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Champion Hurdle The eerie silence of Cheltenham cannot dilute Rachael Blackmore's golden moment

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Rachael Blackmore celebrates with the trophy after riding Honeysuckle to win the Unibet Champion Hurdle Challenge Trophy at Cheltenham Racecourse on March 16, 2021. (Photo by Tim Goode - Pool/Getty Images)

Rachael Blackmore celebrates with the trophy after riding Honeysuckle to win the Unibet Champion Hurdle Challenge Trophy at Cheltenham Racecourse on March 16, 2021. (Photo by Tim Goode - Pool/Getty Images)

Rachael Blackmore celebrates with the trophy after riding Honeysuckle to win the Unibet Champion Hurdle Challenge Trophy at Cheltenham Racecourse on March 16, 2021. (Photo by Tim Goode - Pool/Getty Images)

The Cheltenham Festival began on Tuesday – but it was unlike any we had ever seen before.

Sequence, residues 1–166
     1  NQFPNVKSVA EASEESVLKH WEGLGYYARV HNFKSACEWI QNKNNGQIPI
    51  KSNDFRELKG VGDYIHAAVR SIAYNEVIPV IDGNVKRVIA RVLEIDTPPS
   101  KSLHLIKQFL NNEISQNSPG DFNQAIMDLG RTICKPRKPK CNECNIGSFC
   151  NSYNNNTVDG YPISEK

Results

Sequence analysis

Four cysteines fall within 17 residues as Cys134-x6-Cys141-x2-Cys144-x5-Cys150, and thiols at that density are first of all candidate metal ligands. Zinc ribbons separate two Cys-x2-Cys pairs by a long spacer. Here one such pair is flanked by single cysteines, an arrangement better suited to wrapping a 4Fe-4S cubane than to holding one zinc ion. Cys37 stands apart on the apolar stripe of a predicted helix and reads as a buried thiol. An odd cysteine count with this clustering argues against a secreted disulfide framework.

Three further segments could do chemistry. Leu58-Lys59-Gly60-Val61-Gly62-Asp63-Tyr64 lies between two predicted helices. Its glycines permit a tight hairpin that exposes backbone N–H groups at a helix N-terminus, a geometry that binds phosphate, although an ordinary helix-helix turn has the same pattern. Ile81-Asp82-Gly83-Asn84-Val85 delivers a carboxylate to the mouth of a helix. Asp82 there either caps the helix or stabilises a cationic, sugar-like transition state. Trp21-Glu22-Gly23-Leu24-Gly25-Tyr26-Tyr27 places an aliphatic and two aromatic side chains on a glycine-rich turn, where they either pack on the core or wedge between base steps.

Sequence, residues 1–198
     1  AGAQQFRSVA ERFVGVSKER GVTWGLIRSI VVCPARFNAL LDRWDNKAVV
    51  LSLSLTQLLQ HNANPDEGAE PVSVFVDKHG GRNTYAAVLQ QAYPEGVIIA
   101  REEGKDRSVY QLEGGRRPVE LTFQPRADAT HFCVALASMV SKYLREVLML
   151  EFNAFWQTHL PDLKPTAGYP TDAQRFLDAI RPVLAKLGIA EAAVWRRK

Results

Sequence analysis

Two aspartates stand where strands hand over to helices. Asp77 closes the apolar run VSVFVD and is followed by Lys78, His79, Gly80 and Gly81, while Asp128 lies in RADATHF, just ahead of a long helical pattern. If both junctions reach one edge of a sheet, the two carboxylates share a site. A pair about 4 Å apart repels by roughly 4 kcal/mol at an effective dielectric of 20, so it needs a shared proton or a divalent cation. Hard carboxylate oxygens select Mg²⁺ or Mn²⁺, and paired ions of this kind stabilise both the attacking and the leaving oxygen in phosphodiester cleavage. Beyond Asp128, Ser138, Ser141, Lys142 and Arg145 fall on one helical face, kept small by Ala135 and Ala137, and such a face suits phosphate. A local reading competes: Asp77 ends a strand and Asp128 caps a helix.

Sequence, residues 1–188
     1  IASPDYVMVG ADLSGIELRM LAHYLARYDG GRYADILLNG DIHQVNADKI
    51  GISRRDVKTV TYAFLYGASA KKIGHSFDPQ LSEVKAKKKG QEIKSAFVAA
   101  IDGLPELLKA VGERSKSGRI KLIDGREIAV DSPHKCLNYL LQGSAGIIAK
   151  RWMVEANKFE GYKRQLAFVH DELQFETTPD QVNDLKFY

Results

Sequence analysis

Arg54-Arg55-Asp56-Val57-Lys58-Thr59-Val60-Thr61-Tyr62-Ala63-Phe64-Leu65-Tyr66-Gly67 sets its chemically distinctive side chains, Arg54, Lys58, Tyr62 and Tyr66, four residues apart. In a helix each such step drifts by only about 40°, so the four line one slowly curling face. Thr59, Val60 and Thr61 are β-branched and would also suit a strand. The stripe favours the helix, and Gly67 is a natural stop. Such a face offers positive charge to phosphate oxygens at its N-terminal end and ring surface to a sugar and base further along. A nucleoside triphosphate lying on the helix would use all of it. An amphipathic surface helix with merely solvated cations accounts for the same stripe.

While the action on the track lived up to expectations with Honeysuckle winning the Champion Hurdle, the red-hot bankers Appreciate It and Shishkin taking the first two races and even a popular grey hitting the target in Vintage Clouds, it was hard not to notice the eerie silence in the cavernous grandstands.

Prestbury Park is the perfect place to house a huge crowd, a natural amphitheatre of a place surrounded by the glorious Cleeve Hill. Everything about it screams prestige.

To be on course when Rachael Blackmore guided Honeysuckle to a dominant display in the feature was a true privilege, and the few who were there did their best to make as much noise as possible – but understandably with such limited numbers, in such a massive arena, it did not sound very loud.

It is such a shame for Blackmore, who should surely no longer be referred to as a ‘female jockey’, that she was denied the welcome in by the punters – and given she was backed into 11-10 favouritism, the acclaim would surely have been even more raucous than usual.